As I made my way closer to the headwaters, my mind started racing as I considered the source of the stream I’d just followed and the source of my own life. Maybe that's what happens when you spend ten days in solitude wandering through the wildness of this land. Everything seemed to unfold like a beautiful metaphor in front of me, messages for me to discover from the earth itself. As I arrived in that valley, it felt as though this was the path of my lineage, of my existence, this place was what brought me here to wind all over this country and wind all through my thoughts to eventually make it to this specific path. I considered the paths of my ancestors before me. I could see in this river the story of my own birth, and my mother’s and her mother’s and on and on, and of my future children's too. It was also the story of Mother Earth herself, born again and again each spring as the snowcaps melt. Born with, and flowing along, beside us.

The connections kept blooming as I made my way further into the Hidden Valley. I knew at some point I’d reached my destination. It wasn’t any particular spot, this destination, just a nice rock to sit on and observe as my thoughts kept blooming.

"Maybe I could have hiked completely up to the headwaters, and maybe not, the terrain may have made the source unreachable. But I know that today I would not go all the way. Maybe one day I will come back and find it, see it with my own eyes, let the cold beginnings of that river wash over my hands. But for now, I am contented that I couldn’t know it's full depths, and that I likely would never anyway. It is meant to remain part mystery. I was here to just get to this point, to be with the mountain and witness all that it had to give me today. But as I look up at the headwaters too, I know I don't need to see it firsthand, because I have lived it, and I know that piece of my story deeply, intuitively.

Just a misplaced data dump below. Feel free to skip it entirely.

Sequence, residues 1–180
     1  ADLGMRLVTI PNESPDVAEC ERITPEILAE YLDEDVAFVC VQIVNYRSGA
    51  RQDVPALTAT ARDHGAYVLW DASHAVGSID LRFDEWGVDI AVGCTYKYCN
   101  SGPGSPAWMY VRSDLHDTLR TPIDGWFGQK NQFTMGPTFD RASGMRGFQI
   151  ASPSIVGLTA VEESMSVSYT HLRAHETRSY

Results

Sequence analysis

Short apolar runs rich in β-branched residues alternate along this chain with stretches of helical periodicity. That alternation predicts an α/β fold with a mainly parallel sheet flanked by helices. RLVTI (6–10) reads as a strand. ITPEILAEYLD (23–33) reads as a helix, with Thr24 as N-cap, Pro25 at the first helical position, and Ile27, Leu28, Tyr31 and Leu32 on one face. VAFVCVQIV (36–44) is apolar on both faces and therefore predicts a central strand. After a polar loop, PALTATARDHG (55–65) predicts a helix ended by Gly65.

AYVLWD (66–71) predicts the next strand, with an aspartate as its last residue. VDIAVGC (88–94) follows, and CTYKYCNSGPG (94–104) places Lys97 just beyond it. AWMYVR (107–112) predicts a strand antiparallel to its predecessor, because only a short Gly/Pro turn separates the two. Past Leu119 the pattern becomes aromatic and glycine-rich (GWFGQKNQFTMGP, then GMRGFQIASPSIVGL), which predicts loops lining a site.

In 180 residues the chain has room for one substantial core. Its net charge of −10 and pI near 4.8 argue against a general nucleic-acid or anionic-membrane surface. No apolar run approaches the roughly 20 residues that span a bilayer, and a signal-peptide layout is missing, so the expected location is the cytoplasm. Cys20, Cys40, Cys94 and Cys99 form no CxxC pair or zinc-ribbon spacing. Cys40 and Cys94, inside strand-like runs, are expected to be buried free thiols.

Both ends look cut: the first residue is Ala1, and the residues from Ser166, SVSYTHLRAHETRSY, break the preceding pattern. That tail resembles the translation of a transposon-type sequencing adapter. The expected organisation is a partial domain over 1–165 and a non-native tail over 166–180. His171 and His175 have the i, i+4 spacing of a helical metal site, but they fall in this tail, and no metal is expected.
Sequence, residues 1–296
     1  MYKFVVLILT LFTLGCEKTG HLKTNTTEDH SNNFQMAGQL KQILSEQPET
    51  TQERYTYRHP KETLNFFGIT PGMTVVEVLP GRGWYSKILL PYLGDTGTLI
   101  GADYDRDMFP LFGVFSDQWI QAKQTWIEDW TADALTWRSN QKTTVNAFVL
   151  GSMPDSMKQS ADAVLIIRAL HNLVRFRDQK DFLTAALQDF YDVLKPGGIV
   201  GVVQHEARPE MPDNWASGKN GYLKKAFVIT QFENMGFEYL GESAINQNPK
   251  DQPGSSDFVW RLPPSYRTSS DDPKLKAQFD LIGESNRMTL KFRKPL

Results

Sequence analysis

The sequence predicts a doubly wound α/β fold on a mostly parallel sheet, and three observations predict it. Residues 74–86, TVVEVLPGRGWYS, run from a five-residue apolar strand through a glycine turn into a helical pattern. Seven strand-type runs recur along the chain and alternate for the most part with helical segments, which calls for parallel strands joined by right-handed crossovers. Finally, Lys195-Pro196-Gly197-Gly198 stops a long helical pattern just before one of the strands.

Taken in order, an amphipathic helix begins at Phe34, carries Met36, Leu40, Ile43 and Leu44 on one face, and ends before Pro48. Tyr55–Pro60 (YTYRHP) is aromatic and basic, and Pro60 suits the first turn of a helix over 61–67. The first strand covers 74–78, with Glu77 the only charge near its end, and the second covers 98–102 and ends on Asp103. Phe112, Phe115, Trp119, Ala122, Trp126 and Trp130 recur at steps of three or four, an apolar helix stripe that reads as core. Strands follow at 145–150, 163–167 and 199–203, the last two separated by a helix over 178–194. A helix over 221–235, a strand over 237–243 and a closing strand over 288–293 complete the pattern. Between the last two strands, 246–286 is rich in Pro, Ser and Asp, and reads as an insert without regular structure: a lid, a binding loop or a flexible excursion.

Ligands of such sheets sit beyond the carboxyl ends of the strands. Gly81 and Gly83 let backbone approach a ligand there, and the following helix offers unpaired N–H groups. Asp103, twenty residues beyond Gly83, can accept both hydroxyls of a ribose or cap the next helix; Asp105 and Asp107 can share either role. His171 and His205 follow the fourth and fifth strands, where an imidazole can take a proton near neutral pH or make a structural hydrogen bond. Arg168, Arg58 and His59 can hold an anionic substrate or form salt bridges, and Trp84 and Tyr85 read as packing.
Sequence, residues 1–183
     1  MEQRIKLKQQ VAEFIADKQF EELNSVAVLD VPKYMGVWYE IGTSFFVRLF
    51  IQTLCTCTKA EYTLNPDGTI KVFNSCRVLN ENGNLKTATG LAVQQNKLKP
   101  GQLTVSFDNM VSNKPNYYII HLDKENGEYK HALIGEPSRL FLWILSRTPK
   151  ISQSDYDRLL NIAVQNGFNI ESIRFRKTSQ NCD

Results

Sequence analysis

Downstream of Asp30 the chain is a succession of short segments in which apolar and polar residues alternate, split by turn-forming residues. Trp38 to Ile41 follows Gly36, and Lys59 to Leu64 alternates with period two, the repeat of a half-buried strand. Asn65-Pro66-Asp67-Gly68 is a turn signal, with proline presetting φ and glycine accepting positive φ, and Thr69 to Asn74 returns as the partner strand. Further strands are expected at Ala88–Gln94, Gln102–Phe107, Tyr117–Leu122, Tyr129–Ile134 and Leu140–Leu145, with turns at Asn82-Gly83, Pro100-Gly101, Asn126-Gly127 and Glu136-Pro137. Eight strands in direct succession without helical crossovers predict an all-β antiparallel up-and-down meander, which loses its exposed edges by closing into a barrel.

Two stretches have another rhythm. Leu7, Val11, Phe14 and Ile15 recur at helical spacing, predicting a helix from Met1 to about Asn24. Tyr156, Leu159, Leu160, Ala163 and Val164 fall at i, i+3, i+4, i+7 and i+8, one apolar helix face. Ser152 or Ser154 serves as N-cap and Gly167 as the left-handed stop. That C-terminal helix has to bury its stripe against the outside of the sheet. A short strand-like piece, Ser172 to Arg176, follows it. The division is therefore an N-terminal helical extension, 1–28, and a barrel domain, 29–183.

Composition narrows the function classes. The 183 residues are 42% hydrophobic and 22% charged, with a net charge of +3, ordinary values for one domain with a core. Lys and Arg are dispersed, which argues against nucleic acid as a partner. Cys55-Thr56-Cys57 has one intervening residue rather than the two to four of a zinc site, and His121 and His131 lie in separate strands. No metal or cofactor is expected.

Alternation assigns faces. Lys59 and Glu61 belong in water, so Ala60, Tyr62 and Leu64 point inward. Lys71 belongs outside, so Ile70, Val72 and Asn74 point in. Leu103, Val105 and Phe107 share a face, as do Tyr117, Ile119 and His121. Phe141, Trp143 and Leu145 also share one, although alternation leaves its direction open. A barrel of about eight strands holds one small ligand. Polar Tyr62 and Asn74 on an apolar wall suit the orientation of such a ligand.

I realize that the hike up was a representation of the whole trip, both expansive and difficult. I was able to hold both at once as I witnessed the beauty, took step after step with the land, dipping my toes into rivers of time and memory. I sang with the birds and breathed with the trees. It was all a journey back to my origin. To my source. As I arrived here in the valley, able to see it, everything felt like it poured out and I was hit with the purest sense of awe, only able to just let it all flow. I can see in this river my past and my ancestors' past, I can feel all of our stories intermixed, flowing down, carving new paths as we go. Always flowing from this source, pulled along by gravity, moving with the earth, to eventually make it out into the vast sea. And I can see myself as I've grappled with diving into this place of spirit, over and over again. I tiptoe over bridges over the vast chasms and plummeting falls of this river, not looking down to see that this is the essence of our stories. There is a careful reverence to be had in the power of the water and the power of our stories, but I shouldn't fear it. It is something to behold: the complexity of space and time and memory and destiny."

I eventually felt contented to start my way back down the mountain, now seeing it, and the stream I'd walk along, in a new light. I wasn't really leaving this place, I was traveling with it.

There is just one place where the trail crosses the stream. You have to walk across rocks placed perfectly to bridge the two sides. I stopped here, before crossing and watched the water flow here for a long while. I eventually got out my journal again.

"As I sit here, I see that this crossing is where I am at right now in my life, meeting my own path, face on, and crossing from a time of not-knowing into a time of abundance. This, the most significant cross on this path, marking this great transition. I can see upstream all that has been poured into me so far. All of the other springs that fed into this one, all of the other valleys that flowed to meet me here and continue with me on this journey, now forever connected. And I see ahead of me glimpses of even more streams that will join me too, each with their own histories and sources. We all continue to flow down, the earth nudging us along.